Cast Album Response: Hedwig and the Angry Inch (2014 Broadway Cast)

The public library system here in Cleveland is fantastic, with a great many new cast recordings at my disposal between my library’s well curated stock and what I can find through inter-library loan. Every few weeks I drop off a collection of CDs and pick up a new one. The Cast Recording Response contains my thoughts on my latest returns.

Hedwig and the Angry Inch (2014 Broadway Cast Recording*)
hedwigHedwig and the Angry Inch is a rare sort of musical that premiered in a commercial Off-Broadway production that went on to have multiple regional/international productions (many of which got cast recordings) and a screen adaptation without benefit of a Broadway transfer. Little Shop of Horrors and The Fantastiks are the only other members of this club that come to mind. But if Hedwig‘s success was always more “niche” or “cult” than mainstream, the new Broadway production proves that Hedwig has broad appeal–it has been playing to capacity houses, had a Beyonce-level award haul, and recouped its investment in a matter of months. I can’t attest to the success of the production as a whole (though many people I greatly expect all agree that it’s nearly flawless), but I can say that it has received a wonderful cast recording.

As Hedwig, Neil Patrick Harris sounds surprisingly similar to its creator John Cameron Mitchell. (Though upon further reflection this is perhaps not such a shock–the two would probably be considered very similar in type had their careers had similar origins and paths. I can easily imagine Harris as Dickon in The Secret Garden or Mitchell as the Balladeer in Assassins.) Harris’ voice is a bit thinner/reedier than Mitchell’s, but for the most part, Harris sounds great and disappears into the role. I actually find him more convincing in the more hard-edged rock numbers than he is in the broader comedy of “Wig in a Box” or the more earnest “Wicked Little Town”. Because of the nature of her role, it’s hard to get a sense of Lena Hall’s Tony-winning performance on this recording. But she does get one fun opportunity not afforded previous Yitzhaks: “When Love Explodes“, a song from the hypothetical Hurt Locker: the Musical, whose demise presents the opportunity for Hedwig to perform on Broadway. (Audiences of the Broadway Hedwig are treated to a faux-Playbill for this fictitious show!)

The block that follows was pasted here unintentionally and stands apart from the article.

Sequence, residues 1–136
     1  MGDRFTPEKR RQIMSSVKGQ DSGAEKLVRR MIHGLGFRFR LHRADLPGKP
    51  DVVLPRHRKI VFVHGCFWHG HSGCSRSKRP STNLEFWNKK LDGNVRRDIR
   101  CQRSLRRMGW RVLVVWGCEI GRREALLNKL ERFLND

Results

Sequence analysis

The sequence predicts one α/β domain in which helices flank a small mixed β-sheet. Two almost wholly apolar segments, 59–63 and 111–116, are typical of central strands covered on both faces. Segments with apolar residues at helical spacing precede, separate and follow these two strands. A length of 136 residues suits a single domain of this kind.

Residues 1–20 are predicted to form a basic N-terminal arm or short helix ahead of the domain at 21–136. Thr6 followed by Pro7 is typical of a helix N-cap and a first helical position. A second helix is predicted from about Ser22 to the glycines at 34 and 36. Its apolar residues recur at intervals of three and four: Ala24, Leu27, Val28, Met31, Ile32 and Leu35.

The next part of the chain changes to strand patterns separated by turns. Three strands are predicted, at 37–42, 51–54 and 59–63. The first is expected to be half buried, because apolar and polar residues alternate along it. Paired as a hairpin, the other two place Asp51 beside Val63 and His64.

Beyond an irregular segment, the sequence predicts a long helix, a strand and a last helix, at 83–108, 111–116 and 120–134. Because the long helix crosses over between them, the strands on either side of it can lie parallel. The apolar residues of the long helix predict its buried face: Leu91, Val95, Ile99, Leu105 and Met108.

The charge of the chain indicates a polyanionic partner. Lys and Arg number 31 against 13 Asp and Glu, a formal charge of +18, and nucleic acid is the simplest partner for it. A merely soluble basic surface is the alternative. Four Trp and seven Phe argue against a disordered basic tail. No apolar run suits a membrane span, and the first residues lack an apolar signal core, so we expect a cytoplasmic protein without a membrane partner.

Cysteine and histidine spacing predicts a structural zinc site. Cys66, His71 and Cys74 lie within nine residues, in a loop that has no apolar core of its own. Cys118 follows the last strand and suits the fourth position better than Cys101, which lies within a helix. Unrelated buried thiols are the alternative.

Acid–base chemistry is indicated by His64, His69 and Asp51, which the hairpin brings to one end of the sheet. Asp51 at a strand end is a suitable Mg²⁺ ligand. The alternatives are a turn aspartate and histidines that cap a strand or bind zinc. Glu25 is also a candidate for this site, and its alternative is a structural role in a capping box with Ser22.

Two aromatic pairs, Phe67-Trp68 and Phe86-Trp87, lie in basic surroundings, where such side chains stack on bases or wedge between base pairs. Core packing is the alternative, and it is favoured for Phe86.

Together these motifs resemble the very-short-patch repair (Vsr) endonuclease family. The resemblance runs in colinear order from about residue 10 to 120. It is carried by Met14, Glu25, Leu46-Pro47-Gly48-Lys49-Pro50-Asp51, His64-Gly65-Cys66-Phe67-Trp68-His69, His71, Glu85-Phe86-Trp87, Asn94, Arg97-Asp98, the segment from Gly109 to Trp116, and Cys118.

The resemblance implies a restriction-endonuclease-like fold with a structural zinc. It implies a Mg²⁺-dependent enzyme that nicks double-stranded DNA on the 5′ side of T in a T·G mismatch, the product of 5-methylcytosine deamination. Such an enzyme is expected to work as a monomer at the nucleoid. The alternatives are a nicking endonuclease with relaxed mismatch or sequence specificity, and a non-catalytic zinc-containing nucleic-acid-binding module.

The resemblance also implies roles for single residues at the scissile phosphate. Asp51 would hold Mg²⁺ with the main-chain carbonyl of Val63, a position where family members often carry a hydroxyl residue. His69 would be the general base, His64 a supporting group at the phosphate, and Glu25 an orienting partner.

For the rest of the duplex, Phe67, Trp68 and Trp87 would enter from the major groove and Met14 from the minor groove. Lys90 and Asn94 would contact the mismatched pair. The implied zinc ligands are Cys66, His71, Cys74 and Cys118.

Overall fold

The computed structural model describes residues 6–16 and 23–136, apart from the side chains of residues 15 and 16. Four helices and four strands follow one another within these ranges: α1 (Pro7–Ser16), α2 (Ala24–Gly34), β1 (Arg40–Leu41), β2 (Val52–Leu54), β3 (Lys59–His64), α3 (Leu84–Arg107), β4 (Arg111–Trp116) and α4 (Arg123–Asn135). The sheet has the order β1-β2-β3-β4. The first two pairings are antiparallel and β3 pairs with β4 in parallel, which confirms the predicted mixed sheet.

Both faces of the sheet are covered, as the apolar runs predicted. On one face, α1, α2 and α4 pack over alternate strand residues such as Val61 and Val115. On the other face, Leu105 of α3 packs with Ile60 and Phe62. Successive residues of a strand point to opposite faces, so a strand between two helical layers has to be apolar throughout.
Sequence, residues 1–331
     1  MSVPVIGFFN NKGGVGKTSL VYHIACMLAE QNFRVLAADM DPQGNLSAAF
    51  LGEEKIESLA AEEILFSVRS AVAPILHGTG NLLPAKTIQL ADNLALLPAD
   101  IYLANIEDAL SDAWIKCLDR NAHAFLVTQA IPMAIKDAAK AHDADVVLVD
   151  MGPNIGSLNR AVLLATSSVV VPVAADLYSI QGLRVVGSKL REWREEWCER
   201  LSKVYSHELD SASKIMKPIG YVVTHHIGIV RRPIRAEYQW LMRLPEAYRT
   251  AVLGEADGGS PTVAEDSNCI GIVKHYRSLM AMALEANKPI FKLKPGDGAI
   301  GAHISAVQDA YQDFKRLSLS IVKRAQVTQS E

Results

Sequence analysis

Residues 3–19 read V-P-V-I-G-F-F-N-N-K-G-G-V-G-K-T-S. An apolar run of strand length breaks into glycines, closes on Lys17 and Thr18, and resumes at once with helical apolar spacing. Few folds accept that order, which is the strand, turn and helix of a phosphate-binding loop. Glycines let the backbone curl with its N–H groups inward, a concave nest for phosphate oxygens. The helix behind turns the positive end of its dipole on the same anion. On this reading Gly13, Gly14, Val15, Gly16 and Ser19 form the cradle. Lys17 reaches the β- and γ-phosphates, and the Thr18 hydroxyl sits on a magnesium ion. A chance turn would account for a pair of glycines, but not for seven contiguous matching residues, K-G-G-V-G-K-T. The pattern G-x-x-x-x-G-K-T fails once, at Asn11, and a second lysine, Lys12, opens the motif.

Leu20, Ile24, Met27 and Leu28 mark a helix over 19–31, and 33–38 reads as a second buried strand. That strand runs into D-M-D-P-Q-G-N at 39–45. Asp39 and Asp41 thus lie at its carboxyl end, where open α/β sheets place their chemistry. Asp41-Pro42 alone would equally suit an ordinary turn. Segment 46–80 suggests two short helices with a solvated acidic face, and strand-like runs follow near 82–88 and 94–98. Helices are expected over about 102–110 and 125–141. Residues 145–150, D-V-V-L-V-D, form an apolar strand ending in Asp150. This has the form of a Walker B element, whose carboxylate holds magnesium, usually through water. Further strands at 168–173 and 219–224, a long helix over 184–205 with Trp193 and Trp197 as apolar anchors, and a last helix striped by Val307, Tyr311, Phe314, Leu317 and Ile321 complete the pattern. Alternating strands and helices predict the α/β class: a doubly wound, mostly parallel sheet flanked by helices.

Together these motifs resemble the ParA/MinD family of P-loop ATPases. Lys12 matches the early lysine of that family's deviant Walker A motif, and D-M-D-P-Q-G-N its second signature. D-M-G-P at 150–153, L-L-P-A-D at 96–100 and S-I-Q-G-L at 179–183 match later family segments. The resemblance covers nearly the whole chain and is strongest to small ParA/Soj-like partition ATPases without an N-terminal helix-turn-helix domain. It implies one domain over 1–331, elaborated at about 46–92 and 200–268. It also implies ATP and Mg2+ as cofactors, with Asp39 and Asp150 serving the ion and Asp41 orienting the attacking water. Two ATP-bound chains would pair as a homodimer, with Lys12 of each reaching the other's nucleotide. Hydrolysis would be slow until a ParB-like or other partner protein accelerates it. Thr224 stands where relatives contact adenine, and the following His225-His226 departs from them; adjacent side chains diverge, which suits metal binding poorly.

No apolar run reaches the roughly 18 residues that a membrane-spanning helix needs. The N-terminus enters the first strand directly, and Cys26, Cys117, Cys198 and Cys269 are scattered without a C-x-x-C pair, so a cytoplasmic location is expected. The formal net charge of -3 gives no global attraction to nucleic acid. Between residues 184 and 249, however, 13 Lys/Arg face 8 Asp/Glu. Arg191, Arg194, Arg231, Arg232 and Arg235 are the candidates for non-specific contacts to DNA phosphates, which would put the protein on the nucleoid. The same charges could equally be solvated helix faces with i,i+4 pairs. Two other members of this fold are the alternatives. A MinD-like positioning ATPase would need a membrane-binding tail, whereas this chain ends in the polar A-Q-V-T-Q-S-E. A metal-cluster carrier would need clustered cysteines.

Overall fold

The orchestration/mixing of the Broadway band sounds fuller and richer than it’s original downtown counterpart. It doesn’t come off sounding cheesy or sanitized, though I might describe it as “cleaner”, in that I can more clearly hear the individual instruments and whatnot. “Sugar Daddy” is the only song that got a somewhat drastically different musical treatment, losing it’s original country twang (and being better for it).

In an interview with buzzfeed (ugh, I know) Stephen Trask has said of this recording: “The intent was to feel as close as possible to what the show sounded like live,…We really wanted to capture what makes this show special, and what makes this version of these songs my favorite.” While I don’t think this will replace JCM on the OOBCR for long-time fans of the piece, I do imagine there is a younger generation for whom this will be the definitive Hedwig, and it does a nice job of preserving this, perhaps unexpected, phase in Hedwig’s history.

Hawks Test Report Card: I hope one of the side effects of this production/recording is that it’s wholesome star and clearer sound will enable more conservative listeners (the type who might say the original version “was just noise”) to appreciate how truly excellent Stephen Trask’s work is. It;s truly one of the strongest scores of its decade, with no weak spots and many bona fide classics: “Tear Me Down”, “Origin of Love”, “Wig in a Box”, and the truly wonderful “Wicked Little Town” (which works just as well in completely different musical contexts).

*This album is technically called the “Original Broadway Cast Recording”, but I feel that is misleading because it is not the Original Cast…it is just the first cast to play Broadway. Now get off my lawn.

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